But the big drop in fixed costs is just as important, especially in terms of how it affects society. Publishers can reach anyone, and anyone can also become a publisher. Also, they don’t even need a publication. Thanks to social media, anyone can send a message to the whole world. Read once more what Zuckerberg said about the Fifth Estate:
People’s ability to say what they want to a large number of people is a new kind of force in the world. It’s a Fifth Estate that works with the other forces of society. People no longer have to rely on traditional gatekeepers in politics or the media to get their voices heard, which has important effects.
It’s hard to say enough about how much that is an understatement. I just told you how the printing press overthrew the First Estate, which led to the creation of nation-states and the rise of a new nobility with power. If commoners were given more power, they could overthrow the Second Estate. This is a very radical idea.
It’s hard to believe that people will only talk about these effects on niche sites like Stratechery. The printing press changed Europe from a continent of loosely connected city-states to a continent of nation-states with their own state churches. If the Internet is as big of a change as I think it is (and I do think it is! ), then how far along we are in the change that will come after it shows that we have just started? And after what happened last week, everyone knows how important this is: the Internet will be decided by politics, not economics.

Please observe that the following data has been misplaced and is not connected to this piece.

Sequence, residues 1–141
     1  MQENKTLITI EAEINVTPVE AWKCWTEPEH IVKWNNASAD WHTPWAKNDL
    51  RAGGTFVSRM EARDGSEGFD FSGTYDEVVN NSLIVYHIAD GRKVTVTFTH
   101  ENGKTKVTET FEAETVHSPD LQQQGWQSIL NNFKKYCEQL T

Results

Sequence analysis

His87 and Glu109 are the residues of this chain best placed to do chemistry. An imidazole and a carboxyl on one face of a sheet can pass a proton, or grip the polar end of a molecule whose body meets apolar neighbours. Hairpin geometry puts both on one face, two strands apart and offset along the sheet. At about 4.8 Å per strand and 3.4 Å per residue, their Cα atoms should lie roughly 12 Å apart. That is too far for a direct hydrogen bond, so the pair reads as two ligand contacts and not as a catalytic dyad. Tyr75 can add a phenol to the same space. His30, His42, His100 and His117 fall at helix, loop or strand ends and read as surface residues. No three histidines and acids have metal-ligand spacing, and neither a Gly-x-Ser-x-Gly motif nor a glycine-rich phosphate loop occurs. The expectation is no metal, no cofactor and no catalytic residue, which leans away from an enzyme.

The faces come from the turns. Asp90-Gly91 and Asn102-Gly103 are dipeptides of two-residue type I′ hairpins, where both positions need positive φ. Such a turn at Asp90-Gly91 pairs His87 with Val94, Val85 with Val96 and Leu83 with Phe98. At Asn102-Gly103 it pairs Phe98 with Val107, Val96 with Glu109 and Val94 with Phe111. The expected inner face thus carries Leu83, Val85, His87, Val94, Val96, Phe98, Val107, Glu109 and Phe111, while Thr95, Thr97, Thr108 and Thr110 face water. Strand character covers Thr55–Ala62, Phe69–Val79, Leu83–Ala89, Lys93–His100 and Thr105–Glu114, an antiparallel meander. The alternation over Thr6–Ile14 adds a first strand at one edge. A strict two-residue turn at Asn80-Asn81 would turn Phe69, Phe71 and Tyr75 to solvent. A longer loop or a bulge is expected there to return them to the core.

The Return of Technology
Here, technology will come back to the fore. If a growing number of people, companies, and countries want to avoid centralization, the answer won’t be more centralized entities but rather a return to open protocols. This is the only way to match, and maybe even beat, the research and development (R&D) advantages of centralized tech companies. Open technologies can be worked on together and forked individually, gaining both the benefits of scale and the certainty of independence and control.
Internet 3.0 will bring back open, decentralized technology.
This will take years, and I think governments in Europe, in particular, will try to build their own centralized alternatives at first. But these efforts will fail due to a lack of research and development (R&D) capabilities, and they will be passed by open alternatives that, at least in the short to medium term, may not be as full-featured and easy-to-use as big tech offerings, but have the killer feature of not having a “San Francisco kill switch.